- Man killed by vehicle had been charged with domestic assault (11/30/16)
- Jackson man to cast electoral vote for Trump; others trying to dissuade him (11/29/16)51
- Post-election taunts reported at Jackson schools (12/2/16)27
- Former Cape council member dies, remembered as 'wonderful public servant' (11/29/16)1
- Burglary suspect apprehended inside Jackson garage (12/4/16)
- Poplar Bluff man accused of enticement, child porn in Scott County sting operation (12/4/16)
- Missouri chamber to honor Cape's John Mehner (11/30/16)6
- Woman accused in three robberies disguised herself as man (11/29/16)5
- Men who pulled father, son from burning car near Naylor honored by highway patrol (12/1/16)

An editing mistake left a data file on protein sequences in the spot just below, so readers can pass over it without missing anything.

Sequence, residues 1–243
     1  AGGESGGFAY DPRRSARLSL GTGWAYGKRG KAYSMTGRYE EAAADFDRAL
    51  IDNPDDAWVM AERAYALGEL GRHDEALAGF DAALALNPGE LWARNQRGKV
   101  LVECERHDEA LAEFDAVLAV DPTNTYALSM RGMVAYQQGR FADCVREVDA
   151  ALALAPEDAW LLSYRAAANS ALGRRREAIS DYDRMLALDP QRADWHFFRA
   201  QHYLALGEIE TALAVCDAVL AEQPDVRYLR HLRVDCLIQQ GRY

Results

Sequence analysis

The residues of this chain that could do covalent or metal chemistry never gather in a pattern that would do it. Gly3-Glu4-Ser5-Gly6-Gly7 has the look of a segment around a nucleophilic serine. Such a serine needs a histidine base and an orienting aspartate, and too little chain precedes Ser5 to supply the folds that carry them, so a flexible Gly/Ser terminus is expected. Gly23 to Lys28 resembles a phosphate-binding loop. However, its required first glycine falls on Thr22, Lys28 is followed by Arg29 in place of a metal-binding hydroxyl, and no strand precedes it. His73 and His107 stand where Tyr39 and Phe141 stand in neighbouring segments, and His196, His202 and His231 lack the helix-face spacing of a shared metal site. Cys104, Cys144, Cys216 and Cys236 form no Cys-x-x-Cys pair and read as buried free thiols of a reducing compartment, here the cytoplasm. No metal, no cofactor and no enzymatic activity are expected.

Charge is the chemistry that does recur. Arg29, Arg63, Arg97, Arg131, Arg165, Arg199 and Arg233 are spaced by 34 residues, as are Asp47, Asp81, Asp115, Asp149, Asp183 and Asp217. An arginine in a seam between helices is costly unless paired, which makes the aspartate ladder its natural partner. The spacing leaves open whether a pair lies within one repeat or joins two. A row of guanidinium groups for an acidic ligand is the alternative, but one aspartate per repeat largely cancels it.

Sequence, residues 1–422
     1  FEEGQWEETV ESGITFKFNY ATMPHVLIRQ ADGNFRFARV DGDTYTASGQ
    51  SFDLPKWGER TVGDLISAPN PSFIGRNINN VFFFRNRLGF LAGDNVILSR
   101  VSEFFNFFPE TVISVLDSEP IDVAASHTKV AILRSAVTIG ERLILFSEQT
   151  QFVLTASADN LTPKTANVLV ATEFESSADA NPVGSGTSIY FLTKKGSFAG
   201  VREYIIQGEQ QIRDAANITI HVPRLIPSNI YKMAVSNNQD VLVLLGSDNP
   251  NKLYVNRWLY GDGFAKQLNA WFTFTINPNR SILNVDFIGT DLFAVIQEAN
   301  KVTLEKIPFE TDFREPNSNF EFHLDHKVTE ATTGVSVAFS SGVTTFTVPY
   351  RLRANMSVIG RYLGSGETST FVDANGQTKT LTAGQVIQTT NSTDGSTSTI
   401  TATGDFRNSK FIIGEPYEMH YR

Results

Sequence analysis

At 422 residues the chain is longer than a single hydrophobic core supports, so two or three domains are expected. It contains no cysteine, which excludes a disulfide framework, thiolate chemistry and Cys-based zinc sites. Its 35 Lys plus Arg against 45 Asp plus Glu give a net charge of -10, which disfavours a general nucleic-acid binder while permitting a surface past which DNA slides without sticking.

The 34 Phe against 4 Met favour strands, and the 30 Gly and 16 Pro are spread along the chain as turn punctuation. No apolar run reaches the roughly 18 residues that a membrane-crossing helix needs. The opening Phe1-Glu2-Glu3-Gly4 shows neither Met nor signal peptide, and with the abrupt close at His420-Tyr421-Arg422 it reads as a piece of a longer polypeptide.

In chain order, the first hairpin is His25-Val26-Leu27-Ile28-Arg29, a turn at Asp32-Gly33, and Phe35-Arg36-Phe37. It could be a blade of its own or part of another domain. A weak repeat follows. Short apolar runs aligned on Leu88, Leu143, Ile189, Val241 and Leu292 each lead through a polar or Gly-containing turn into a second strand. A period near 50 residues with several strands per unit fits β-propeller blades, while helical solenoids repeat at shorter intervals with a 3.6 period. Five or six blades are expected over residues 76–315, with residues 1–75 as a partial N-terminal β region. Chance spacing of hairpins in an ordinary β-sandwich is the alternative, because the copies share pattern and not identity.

- Cape woman hopes son's death in Chattanooga will lead to better policing (11/30/16)11
30-year-old ban ends at Capitol
WASHINGTON -- A federal court upheld the right to free speech by striking down a 30-year-old ban on demonstrations on the sidewalk by the east steps of the Capitol.
A three-judge panel of the U.S. Court of Appeals ruled Friday that maintaining a forum for public expression outweighed security concerns.
The decision was a victory for Robert Lederman, an artist, who stood in the no-demonstration zone in 1997 and held a sign that said, "Stop Arresting Artists." Capitol Police officers, ignoring the sign, arrested him. Lederman challenged the constitutionality of the ban.
The appeals court panel rejected the argument that demonstrators pose a greater security risk than pedestrians, who come and go anonymously, travel in groups, carry bags and boxes and linger as long as they please.
"If people entering and leaving the Capitol can avoid running headlong into tourists, joggers, dogs and strollers -- which the government apparently concedes -- then we assume they are also capable of circumnavigating the occasional protester," the court said.